- Joe Torre steps down, but not out:
You have to give Joe Torre credit for knowing which way the wind's about to blow.
Despite the pain that he and the Yankees undoubtedly felt when they had their bitter parting, I said at the time that Torre played his hand perfectly. He got out of a situation that had become unwinnable; he got everyone to feel sorry for him; the Yankees got hammered in the media for the way they treated the leader of their championship teams; he immediately got another job in a venue large enough for his ego and managing a team good enough to compete for a championship; and he made a lot of money.
It was a cherry on top of the ice cream sundae of Torre's ego when he led the Dodgers to the playoffs in 2008 (with Yankees nemesis Manny Ramirez carrying his team) while his former team struggled to get used to the new manager Joe Girardi and missed the playoffs entirely. For all the suggestions of Torre's "class", he must have had a private chuckle with Don Zimmer, Mel Stottlemyre, Don Mattingly and any other former Yankee coach who was dispatched or passed over in the Bronx.
In retrospect and once the wounds healed (at least until the publication of The Yankee Years), it was best for all involved. The unbearable expectations that were dumped on the manager had made any season that didn't result in a World Series win into a failure; Torre was well on his way to having his life shortened by the stress; the Yankees wanted to have a manager they could pay less and who'd follow front office edicts without using his charm and resume to subtly twist circumstances in his favor; and the Dodgers got three years of Torre running their ship and restoring order to a chaotic, factional clubhouse.
Now, Torre has announced that he's stepping down as Dodgers manager at the end of the season. In handing the Dodgers job off to Mattingly, Torre was ever-cautious with his words. Rarely if ever saying or doing anything that isn't calculated and with an end in mind, Torre was clear in saying he wanted to stay in baseball in some capacity. Some have suggested that to be a consulting role with the Dodgers; others that he'll head back into broadcasting; and Torre himself said the magic words leaving himself wiggle-room to see what develops after the season----he hasn't ruled out managing elsewhere.
Presumably, Torre would like to go out with one more shot at a championship----they all do. With the amount of money he's accumulated in the past 15 years of managing any job offer to manage will have to be perfect for him to accept it, but there are jobs like that open or possibly open. I discussed the Torre landing spots on September 9th----The Torre Story----the Cubs, Cardinals, Mets, Marlins and Braves all have their own unique pluses for a man like Torre.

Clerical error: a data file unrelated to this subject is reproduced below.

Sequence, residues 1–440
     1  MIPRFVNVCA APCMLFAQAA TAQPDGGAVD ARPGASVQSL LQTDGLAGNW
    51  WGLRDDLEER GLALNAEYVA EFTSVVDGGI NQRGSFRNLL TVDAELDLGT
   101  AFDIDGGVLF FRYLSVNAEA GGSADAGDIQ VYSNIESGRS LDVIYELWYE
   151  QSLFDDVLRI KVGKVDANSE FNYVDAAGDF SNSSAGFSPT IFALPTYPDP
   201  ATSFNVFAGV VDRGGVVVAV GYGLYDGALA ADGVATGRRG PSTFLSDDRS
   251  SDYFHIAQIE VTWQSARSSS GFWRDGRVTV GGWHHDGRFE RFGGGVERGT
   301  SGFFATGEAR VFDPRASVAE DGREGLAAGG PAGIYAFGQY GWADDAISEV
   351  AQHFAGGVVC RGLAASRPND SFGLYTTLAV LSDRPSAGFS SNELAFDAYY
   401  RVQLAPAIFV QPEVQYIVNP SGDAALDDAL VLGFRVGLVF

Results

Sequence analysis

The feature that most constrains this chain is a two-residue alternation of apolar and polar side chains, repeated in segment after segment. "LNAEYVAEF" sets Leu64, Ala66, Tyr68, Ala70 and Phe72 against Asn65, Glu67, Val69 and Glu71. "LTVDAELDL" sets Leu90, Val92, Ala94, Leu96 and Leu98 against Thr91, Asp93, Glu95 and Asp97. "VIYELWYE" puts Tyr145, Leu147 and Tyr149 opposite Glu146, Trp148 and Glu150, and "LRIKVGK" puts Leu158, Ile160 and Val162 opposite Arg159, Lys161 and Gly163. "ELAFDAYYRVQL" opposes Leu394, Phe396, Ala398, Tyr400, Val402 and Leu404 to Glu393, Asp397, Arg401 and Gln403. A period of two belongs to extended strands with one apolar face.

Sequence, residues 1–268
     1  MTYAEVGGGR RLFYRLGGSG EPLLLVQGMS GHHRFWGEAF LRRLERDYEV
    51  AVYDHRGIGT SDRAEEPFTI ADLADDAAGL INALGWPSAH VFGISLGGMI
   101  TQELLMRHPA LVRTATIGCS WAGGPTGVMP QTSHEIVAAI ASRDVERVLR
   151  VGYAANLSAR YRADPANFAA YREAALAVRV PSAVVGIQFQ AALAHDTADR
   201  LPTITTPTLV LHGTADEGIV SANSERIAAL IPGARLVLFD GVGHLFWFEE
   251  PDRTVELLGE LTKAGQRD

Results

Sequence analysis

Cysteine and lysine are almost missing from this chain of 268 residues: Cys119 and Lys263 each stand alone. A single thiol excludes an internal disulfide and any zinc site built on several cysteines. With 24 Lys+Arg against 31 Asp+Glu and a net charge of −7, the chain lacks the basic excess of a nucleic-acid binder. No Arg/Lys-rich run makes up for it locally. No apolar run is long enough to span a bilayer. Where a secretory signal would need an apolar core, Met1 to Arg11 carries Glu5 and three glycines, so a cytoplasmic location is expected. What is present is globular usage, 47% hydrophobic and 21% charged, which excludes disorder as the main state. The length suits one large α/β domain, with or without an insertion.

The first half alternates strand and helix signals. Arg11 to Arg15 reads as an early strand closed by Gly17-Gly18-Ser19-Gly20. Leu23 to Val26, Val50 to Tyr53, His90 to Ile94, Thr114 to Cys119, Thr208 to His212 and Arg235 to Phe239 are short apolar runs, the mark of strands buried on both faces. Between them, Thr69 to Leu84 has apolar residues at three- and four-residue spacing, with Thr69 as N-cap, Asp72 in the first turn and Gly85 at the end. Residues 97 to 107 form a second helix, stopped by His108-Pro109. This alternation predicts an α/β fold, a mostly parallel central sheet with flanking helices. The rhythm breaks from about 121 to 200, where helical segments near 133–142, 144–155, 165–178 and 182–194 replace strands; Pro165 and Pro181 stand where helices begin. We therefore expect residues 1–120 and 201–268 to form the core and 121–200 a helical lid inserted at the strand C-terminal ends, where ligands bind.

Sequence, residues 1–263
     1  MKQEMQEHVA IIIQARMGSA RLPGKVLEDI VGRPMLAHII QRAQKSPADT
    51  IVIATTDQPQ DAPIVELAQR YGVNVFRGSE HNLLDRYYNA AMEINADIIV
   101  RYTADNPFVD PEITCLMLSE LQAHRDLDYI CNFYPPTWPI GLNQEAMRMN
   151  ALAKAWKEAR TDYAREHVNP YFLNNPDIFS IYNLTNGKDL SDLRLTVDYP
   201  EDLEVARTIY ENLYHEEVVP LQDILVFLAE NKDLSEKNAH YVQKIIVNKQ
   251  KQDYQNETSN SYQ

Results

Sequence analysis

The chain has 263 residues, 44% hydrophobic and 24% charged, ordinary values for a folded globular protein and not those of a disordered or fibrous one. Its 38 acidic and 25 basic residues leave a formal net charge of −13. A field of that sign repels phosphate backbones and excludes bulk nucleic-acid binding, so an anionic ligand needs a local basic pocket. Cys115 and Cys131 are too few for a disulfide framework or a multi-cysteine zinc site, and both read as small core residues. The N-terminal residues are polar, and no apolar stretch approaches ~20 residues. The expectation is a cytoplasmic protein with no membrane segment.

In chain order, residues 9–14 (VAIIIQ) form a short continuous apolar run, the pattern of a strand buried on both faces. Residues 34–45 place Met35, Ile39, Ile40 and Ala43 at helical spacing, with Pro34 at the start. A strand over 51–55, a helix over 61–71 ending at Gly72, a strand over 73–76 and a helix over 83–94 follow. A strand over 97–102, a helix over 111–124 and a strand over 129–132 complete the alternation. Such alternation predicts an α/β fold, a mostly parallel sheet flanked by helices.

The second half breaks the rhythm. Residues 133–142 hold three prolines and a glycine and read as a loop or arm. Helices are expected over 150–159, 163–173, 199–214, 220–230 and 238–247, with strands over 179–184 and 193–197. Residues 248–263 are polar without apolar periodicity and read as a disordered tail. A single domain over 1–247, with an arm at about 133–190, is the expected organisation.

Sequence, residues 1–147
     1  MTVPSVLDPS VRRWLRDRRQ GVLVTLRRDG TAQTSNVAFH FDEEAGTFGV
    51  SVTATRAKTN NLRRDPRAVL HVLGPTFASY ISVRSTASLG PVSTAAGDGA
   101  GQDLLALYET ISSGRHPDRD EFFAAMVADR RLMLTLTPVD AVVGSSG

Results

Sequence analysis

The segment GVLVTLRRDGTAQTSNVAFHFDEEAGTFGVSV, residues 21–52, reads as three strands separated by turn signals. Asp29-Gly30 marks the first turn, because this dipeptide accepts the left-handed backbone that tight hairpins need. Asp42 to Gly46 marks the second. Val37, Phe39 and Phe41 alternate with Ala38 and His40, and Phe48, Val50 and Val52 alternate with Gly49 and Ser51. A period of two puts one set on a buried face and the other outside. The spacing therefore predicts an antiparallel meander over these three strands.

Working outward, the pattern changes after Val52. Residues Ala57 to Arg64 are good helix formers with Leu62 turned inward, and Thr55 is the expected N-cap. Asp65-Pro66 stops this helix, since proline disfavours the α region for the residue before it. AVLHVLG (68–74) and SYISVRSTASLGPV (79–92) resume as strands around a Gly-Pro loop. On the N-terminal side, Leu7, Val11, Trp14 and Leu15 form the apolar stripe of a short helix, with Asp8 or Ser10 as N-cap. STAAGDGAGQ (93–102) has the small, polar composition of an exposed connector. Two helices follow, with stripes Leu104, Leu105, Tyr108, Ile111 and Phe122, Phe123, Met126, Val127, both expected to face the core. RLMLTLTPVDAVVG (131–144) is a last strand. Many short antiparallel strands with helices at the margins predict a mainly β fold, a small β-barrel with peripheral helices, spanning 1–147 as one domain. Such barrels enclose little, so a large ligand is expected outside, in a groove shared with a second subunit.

Automatically we can pretty much eliminate the Braves and Marlins----the Braves are hiring Fredi Gonzalez (Gonzalez turned down an interview with the Cubs this week); the Marlins aren't going to pay Torre and in fact are interested in one of Torre's former coaches Tony Pena, who would be a good choice.
The Mets? It's going to be a young team with a new GM and they're said to want a manager with "energy". That means someone who's going to flip the food table and bring fans in with his name. That's not Torre. Plus Torre's wife wouldn't want to traipse back to New York and walk into that boiling cauldron again; it would take a few days and Torre would see some of the writers he'd grown to detest and flash back to one of the reasons he left in the first place. The Mets could either contend or end up at or around .500; not what Torre will have in mind as a going away gift and not worth the aggravation.
The Cubs? They just got rid of Lou Piniella; Piniella didn't work as expected; they're also in flux with a lot of young talent and some big money, annoying players with whom Torre would not want to butt heads (Carlos Zambrano); the Cubs are hiring someone from the Cubs family----Ryne Sandberg or even Girardi. Mike Quade has acquitted himself well in his time as the manager and might get some serious consideration.
Then you have the Cardinals.
Torre's departure from the Cardinals always seemed to leave a bitter taste in his mouth. His teams during his first tenure were pretty good; moderate contenders, but never had enough talent to make a legitimate run. He was fired in 1995 after an ownership change and never expected to get another managing shot until the Yankees came calling. He was a star player in St. Louis and it's a pleasant place to manage; he'd return as the conquering hero.
Tony La Russa has leveraged his excellence into an awful lot of power in St. Louis; the veterans are comfortable with him and it doesn't hurt that Albert Pujols has only played for La Russa in his big league career. Every year it's a question as to whether La Russa will return. La Russa has played his part similar to Torre in saying the right things to the (paraphrased) tune of, "I'll be back if I'm wanted and I can still reach the players". Along with La Russa comes the best pitching coach in baseball, Dave Duncan and this accords La Russa even more power.
But the rift between the camps has grown wide in the past couple of years. Owner Bill DeWitt had a stat guy, Jeff Luhnow get into his ear about how to use statistical analysis in building a team within a budget. The Cardinals have eschewed the philosophies of Duncan in developing the pitchers and they also irritated the pitching coach---and by proxy, La Russa----with their treatment of Duncan's son Chris when they dumped him last year.